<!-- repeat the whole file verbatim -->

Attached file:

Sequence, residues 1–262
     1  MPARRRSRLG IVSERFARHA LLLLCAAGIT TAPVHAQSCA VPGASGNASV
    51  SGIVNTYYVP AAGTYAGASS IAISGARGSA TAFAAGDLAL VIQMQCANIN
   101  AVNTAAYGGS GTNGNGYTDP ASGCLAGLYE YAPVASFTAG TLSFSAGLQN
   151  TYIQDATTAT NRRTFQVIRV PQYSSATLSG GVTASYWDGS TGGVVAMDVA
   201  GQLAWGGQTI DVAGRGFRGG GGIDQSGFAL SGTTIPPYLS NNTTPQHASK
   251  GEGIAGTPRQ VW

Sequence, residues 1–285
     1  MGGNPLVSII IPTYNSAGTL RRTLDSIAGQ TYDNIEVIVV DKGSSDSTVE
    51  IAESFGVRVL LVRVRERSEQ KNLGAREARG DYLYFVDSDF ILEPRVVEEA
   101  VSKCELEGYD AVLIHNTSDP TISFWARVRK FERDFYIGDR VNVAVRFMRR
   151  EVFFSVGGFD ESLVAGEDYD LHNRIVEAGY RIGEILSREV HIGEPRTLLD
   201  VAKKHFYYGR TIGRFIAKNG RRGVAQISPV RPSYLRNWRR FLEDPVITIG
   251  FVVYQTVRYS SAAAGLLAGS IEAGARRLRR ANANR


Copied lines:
Sequence, residues 1–262
     1  MPARRRSRLG IVSERFARHA LLLLCAAGIT TAPVHAQSCA VPGASGNASV
    51  SGIVNTYYVP AAGTYAGASS IAISGARGSA TAFAAGDLAL VIQMQCANIN
   101  AVNTAAYGGS GTNGNGYTDP ASGCLAGLYE YAPVASFTAG TLSFSAGLQN
   151  TYIQDATTAT NRRTFQVIRV PQYSSATLSG GVTASYWDGS TGGVVAMDVA
   201  GQLAWGGQTI DVAGRGFRGG GGIDQSGFAL SGTTIPPYLS NNTTPQHASK
   251  GEGIAGTPRQ VW

Sequence, residues 1–285
     1  MGGNPLVSII IPTYNSAGTL RRTLDSIAGQ TYDNIEVIVV DKGSSDSTVE
    51  IAESFGVRVL LVRVRERSEQ KNLGAREARG DYLYFVDSDF ILEPRVVEEA
   101  VSKCELEGYD AVLIHNTSDP TISFWARVRK FERDFYIGDR VNVAVRFMRR
   151  EVFFSVGGFD ESLVAGEDYD LHNRIVEAGY RIGEILSREV HIGEPRTLLD
   201  VAKKHFYYGR TIGRFIAKNG RRGVAQISPV RPSYLRNWRR FLEDPVITIG
   251  FVVYQTVRYS SAAAGLLAGS IEAGARRLRR ANANR